jail no individual had to pull out a
dime out of their own pockets to pay the
shareholders pointed up 1.9 million
dollars but some of that was tax
deductible which means we paid some of
that fine and and the only real
punishment with any teeth is that some
of the executives had to partially defer
their bonuses for five years so
laundering 850 million dollars for narco
terrorists gets you a total walk you
know that tells you basically everything
you need to know about do we prosecute
white-collar crime in this country
basically no you know I mean that’s the
answer
ultimately that you find out and there
was paperwork that showed they knew it
was from the cartels oh yeah they if you
if you look at the the agreement and you
can watch the thirst there’s there’s a
video of of Loretta Lynch and lanny
18:00
breuer because this is before laura
18:02
Loretta Lynch was Attorney General but
18:03
she was she was basically the head of
18:07
this deal they talked about the fact
18:10
that the HSBC branches because most of
18:13
this was done in Mexico hmx which was
18:17
the subsidiary company they had special
18:20
teller windows built to fit cash boxes
18:24
that the drug cartels were bringing into
18:26
the bank so basically you’ve seen the
18:29
scene the scene in Scarface where the
18:31
guys come in with duffel bags of cash to
18:33
the bank right and you know that’s like
18:35
a montage you know there’s that that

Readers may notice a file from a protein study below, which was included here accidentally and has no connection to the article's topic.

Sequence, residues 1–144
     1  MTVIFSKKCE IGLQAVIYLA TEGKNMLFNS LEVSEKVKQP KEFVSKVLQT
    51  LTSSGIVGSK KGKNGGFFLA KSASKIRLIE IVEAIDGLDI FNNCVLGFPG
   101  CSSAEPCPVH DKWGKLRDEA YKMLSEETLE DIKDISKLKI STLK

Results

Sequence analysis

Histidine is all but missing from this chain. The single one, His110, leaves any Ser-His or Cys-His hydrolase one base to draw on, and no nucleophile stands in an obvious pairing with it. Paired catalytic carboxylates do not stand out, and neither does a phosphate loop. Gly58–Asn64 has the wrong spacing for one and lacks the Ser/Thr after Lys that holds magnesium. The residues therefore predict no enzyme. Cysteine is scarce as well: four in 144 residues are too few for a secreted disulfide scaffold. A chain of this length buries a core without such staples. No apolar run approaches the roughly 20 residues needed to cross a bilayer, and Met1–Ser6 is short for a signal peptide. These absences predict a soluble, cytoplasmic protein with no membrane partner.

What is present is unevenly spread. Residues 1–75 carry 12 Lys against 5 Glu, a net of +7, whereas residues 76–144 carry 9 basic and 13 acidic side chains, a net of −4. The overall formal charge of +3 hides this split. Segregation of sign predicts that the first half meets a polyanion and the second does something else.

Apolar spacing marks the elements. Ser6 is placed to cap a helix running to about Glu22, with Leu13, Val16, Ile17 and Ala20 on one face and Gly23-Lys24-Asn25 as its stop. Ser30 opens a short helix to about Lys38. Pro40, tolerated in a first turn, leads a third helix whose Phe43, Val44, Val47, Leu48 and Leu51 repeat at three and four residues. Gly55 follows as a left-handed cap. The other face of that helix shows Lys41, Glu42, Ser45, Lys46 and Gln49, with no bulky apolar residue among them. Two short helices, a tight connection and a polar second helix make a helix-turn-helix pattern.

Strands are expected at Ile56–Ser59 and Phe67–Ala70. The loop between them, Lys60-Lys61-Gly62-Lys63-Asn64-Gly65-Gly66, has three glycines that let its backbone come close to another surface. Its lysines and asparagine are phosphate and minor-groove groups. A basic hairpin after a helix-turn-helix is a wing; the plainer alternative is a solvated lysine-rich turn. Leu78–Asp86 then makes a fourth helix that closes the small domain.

18:37
song I forget what song it is in the
18:38
background same thing these guys would
18:40
come into the the bank they would slide
18:44
in these boxes of cash one after the
18:46
other and that’s admitted activity the
18:49
banks signed off on this they’d you know
18:50
it’s not like they’re contesting it
18:52
they’re not saying we neither admitted
18:53
nor denied it’s it’s part of the deal so
18:57
and in they agreed to the amount
18:59
everything so yeah it was a one point
19:04
nine billion dollar settlement but you
19:06
know it’s not like it came out of the
19:07
pockets of the people who did it and
19:09
it’s not like any of the people who did
19:11
it are in jail it’s just you know a
19:13
thing that happened and you know that’s
19:16
five weeks of profit for the bank so
19:18
what what the fuck they don’t care right
19:21
did you see the documentary an inside
19:24
job yeah yep we’ve covered a lot of the
19:27
same territory yeah yeah that was a
19:29
sobering documentary where they’re
19:31
talking to the very people that caused
19:33
the financial crisis mm-hm and and
19:35
realizing that these people were
19:37
economics professors that eventually got
19:39
these jobs really lucrative jobs with
19:42
banks and how they finagled this system